Building eLearning: Behind the Scenes with Project Management

Posted by Michael Getz on Thu, 11/16/2017 – 10:24

This fall we’ve been touring the flip side of Illumina’s work, meeting the members of the team it takes to create world-class elearning. We introduced you to an infographic of our team approach to elearning courseware creation, and have already introduced you to John Scarano, our Senior Graphic Designer, and Ashley Shaffer, our Quality Assurance Specialist. This month, we’re going to look at project management, and the work our PMs do to ensure things stay on schedule to meet customer deadlines. This month, our blog editor caught up with Hal Stokes and Maggie Grow, two of llumina’s project managers, who keep the wheels rolling around here. 

Project Management: It’s More than Tracking Schedules!

Jean: Thanks, Hal and Maggie, for taking the time out of your busy schedules to chat with me today. 

Hal: My pleasure! Thanks for asking.

Maggie: Happy to help out.

Hal: We’ve only got a few minutes, though; we’ve got a project status call coming up.


Jean: How long have you been doing project management, and how did you get into it?

Hal: Hard to believe, but I’ve been managing e-learning projects for 20 years. Prior to that, I was a producer/director of film and video for training and education. I had a lot of clients right here in the Boston area, but it was during a contract stint with a company called Computer Curriculum Corporation out in Silicon Valley that I got exposed to the potential that interactive media had for creating powerful learning experiences for both children and adults. Those were pretty heady times with companies like Broderbund gathering a lot of attention in the education space. I was hooked. I ended up staying five years out there, and returned to Boston when I was hired to start an interactive training division for a company that specialized in pharmaceutical sales training. I first started working with Illumina back then, as one of their clients. I’ve been at Illumina almost nine years now.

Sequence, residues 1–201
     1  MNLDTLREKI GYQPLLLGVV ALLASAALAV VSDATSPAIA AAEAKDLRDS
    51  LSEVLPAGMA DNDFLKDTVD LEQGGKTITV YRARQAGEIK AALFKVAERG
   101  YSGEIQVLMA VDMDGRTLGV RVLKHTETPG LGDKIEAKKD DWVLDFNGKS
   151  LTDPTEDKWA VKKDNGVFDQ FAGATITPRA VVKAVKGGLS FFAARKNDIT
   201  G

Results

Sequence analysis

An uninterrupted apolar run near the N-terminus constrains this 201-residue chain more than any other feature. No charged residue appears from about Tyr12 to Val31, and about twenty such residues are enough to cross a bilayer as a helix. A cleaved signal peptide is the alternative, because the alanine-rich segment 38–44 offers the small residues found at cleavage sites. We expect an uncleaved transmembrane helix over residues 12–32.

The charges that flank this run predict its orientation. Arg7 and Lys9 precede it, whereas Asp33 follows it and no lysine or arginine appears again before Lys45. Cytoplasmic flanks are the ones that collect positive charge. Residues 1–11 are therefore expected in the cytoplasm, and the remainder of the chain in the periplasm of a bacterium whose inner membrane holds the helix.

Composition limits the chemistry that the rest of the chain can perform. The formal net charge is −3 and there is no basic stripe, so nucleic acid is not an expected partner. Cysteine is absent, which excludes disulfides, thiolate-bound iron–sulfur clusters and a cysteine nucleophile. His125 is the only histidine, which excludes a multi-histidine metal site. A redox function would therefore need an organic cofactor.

Maggie: I’ve been a project manager for over twenty years working with training companies in New England and their clients throughout the U.S. and Europe.  My background in education helped me transition from the classroom to the corporate training world. I worked as a contract Project Manager at Illumina on several large projects prior to joining the staff in 2016.


Jean: I’ve heard Project Managers equated with symphony orchestra conductors, ringmasters at the circus, train conductors, and tinkering mechanics who are jack-of-all trades. What metaphor would you use to describe project management? 

Hal: Those are all pretty good metaphors! I guess because of my background, I think of it like being a film producer. You’ve got a certain amount of money, which buys you a certain amount of time and talent, and you’re trying to create something that will have an impact on the audience, who are your learners.

Maggie: I’d liken the PM role to that of the captain on a sports team. The PM is the leader who knows that the project will be most successful with everyone on the team working together to achieve the ultimate goal of collaborating with our client to design and produce a quality training product.


Jean: What kinds of the tools do you use to manage a project?

Hal: Well, there are all sorts of tools to help you manage schedules and budgets. Traditionally, we’ve used Microsoft Project and Excel, but I probably use Word, e-mail, and PowerPoint more than anything else. We’re now using a collaboration tool called Teamwork that is very good in helping the whole team stay focused and organized, as well as Slack for threaded messaging. For reviewing work in progress, I’m quite partial to tools like Review My Elearning and Articulate 360 Review that make our internal and client reviews much more efficient. And web conferencing tools are critical for remote meetings and walk-throughs. But really, you need a good calendar, a sense of how e-learning gets constructed, and the ability to see the big picture even while focusing on the details.

Maggie: One of the most effective and timeless “tools” an effective PM can bring to the project team is the experience, interest and ability to cultivate a strong relationship with the client. Clients appreciate knowing that they have been heard.  The PM’s role is to ensure that our response reflects that we have taken the time to listen to our client’s needs.  


Jean: Interesting. I’m curious: When you start a new project, you need to be able to predict the duration of things in order to develop the project schedule. But you didn’t mention a crystal ball in your toolkit! How do you predict how long things will take?